Post-coup attempt, Turkey-Pakistan relationship on the rocks

Islamabad: Islamabad : ‘Erdo-Gone?’, this was the headline splashed across the Pakistan’s national newspaper ‘Daily Times’ in it’s July 16th issue as news of an attempted coup in Turkey started making it’s way across news organisations around the world.

This particular headline, however, did not go down well with the Turkish government, and on July 20th, Pakistan’s Ambassador to Turkey was summoned to the Turkish Ministry of Foreign Affairs to give an explanation.

Turkey called on Pakistan to put pressure on the ‘Daily Times’ newspaper to withdraw the news report from its online edition and issue an unconditional apology. There were more demands from Turkey.

PAKTURK International Schools and Colleges is a network that is run by U.S.-based Turkish cleric Fethullah Gulen, who Turkey blames for the coup attempt. According to a Voice of America report, Turkish Ambassador to Pakistan Sadik Babur Girgin demanded the immediate closure of these schools in Pakistan.

On both of these requests made by Turkey, there has been no progress from the Pakistani side, despite the close ties between Pakistan Prime Minister Nawaz Sharif and Turkish President Recep Tayyip Erdogan. Pakistan Tehreek-e-Insaf(PTI) chief Imran Khan, considered close to the Pakistan Army, argued that the future of thousands of Pakistani children should not be jeopardized as a result of the failed Turkish coup.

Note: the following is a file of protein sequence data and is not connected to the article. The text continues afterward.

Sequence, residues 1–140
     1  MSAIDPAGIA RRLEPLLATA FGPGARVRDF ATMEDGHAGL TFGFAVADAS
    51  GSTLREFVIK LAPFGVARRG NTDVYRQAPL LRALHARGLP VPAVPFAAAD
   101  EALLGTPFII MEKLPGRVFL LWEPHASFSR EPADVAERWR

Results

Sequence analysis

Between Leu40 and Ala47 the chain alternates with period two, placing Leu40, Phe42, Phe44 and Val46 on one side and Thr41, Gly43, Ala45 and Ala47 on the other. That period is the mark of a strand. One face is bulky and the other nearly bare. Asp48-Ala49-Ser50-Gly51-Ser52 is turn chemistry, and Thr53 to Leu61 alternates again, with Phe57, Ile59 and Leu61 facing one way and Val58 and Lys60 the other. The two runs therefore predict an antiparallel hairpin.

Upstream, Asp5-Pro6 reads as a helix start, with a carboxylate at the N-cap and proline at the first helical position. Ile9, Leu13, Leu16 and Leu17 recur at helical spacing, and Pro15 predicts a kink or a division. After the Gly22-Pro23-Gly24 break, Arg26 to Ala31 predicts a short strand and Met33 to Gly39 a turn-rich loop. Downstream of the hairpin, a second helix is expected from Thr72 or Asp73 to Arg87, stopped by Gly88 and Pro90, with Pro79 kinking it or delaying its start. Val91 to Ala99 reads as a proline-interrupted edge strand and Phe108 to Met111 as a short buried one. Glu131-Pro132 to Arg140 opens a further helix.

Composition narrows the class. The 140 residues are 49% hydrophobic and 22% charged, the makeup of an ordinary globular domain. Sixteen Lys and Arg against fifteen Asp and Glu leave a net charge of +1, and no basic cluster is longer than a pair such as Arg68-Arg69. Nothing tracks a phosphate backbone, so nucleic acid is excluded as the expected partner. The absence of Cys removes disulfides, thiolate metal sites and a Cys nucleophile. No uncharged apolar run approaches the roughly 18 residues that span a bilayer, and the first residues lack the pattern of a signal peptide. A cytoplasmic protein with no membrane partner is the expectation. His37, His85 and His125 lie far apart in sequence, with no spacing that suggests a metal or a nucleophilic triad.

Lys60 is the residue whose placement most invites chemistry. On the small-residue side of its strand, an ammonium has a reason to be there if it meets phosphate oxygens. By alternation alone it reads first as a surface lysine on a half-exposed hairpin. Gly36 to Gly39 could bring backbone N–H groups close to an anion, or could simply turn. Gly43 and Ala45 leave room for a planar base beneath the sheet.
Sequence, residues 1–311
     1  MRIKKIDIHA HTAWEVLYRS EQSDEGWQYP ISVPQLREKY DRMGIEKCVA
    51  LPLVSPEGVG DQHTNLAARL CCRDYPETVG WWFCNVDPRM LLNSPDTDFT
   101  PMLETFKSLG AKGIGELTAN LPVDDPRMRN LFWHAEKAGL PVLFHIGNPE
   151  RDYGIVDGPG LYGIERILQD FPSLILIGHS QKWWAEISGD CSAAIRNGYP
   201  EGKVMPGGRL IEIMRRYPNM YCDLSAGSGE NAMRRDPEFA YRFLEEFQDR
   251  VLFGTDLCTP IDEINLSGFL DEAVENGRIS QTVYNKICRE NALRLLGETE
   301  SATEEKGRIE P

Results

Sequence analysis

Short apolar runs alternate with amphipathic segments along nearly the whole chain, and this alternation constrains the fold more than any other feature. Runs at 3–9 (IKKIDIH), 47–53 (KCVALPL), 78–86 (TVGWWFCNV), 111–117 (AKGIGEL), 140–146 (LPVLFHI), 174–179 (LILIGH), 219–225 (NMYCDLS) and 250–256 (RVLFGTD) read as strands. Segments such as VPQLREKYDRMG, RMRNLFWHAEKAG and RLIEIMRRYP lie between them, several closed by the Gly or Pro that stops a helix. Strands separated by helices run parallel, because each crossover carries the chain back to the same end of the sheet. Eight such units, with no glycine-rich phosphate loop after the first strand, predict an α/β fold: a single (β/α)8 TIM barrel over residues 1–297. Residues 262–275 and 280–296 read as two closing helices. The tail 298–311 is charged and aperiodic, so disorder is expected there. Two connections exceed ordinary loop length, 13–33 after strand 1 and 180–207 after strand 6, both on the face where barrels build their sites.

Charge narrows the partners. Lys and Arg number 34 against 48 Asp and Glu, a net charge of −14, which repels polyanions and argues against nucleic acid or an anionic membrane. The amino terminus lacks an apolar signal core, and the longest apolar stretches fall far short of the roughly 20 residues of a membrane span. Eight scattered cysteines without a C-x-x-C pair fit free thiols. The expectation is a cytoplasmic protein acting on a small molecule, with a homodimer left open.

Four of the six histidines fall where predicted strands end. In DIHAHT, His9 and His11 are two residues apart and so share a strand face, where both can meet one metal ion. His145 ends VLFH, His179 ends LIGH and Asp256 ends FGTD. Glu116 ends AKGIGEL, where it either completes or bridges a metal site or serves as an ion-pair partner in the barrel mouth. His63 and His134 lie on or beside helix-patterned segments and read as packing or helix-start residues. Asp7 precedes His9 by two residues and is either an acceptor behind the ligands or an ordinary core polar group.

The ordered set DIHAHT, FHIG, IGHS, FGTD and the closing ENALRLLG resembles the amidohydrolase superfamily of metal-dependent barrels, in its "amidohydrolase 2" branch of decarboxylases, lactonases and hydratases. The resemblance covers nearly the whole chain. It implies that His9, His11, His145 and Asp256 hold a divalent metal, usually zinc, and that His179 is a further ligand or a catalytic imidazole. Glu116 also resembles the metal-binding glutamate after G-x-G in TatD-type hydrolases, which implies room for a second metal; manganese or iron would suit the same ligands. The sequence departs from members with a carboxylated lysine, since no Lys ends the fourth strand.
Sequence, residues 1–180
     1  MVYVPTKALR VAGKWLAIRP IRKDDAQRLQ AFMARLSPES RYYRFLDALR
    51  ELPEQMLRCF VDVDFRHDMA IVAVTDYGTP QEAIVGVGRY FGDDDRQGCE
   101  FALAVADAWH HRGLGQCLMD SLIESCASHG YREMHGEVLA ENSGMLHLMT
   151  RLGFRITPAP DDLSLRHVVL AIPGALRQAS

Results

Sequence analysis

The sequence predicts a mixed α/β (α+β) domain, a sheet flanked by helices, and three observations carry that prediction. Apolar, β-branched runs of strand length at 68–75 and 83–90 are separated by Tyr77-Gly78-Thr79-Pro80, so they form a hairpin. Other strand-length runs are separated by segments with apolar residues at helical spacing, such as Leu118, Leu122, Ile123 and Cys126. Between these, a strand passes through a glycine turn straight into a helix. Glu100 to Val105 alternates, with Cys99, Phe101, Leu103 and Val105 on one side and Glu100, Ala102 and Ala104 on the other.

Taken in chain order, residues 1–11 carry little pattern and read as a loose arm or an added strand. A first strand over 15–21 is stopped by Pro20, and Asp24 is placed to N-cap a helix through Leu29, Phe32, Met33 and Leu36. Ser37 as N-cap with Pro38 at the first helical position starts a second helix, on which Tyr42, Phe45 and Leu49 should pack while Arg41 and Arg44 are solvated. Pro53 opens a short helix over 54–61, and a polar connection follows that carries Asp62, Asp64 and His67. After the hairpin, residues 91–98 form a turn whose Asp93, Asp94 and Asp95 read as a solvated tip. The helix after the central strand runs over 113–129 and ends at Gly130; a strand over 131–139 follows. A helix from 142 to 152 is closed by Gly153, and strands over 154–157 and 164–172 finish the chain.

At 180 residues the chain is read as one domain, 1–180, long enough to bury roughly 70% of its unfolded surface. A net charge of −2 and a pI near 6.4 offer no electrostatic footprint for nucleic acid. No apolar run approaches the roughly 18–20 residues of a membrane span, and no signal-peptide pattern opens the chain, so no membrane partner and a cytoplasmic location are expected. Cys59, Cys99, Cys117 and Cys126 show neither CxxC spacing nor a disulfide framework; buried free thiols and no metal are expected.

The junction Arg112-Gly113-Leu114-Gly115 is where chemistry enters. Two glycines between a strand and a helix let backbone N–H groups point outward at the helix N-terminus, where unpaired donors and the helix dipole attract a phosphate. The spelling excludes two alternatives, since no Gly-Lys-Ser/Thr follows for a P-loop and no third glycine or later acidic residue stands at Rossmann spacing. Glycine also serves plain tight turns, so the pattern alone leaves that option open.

To add insult to injury, the ‘Daily Times’ ran a two-part series of articles in it’s online edition that accused Erdogan of becoming increasingly authoritarian in the last few years and initiating purges in his government against those who held differing views. The article went on to highlight how during Erdogan’s Presidency, crimes against women was on the rise, Islamic bigots had infiltrated the Turkish bureaucracy and institutions and how Turkey was staring at a bleak future.

Pakistan’s non-compliance of these issues points to a rift in the oft lauded Turkish-Pakistan “brotherly relationship”, with many experts pointing fingers at the Pakistani army for usurping the country’s foreign policy that led to this situation. Pakistani Army Chief General Raheel Sharif’s anti-Erdogan views are driven by many factors, especially the close ties between Prime Minister Nawaz Sharif and President Erdogan.

The Pakistan army chief is also guided by the deep Chinese mistrust of Erdogan which stems from allegations made by China in the past against Turkish government for issuing passports to fundamentalist Chinese Uyghurs from Xinjiang, including members of the East Turkestan Islamic Movement, which allowed them to move to Turkey with ease. The Chinese government has stated that Turkish embassies in Malaysia, Thailand and China are involved in such activities. (ANI)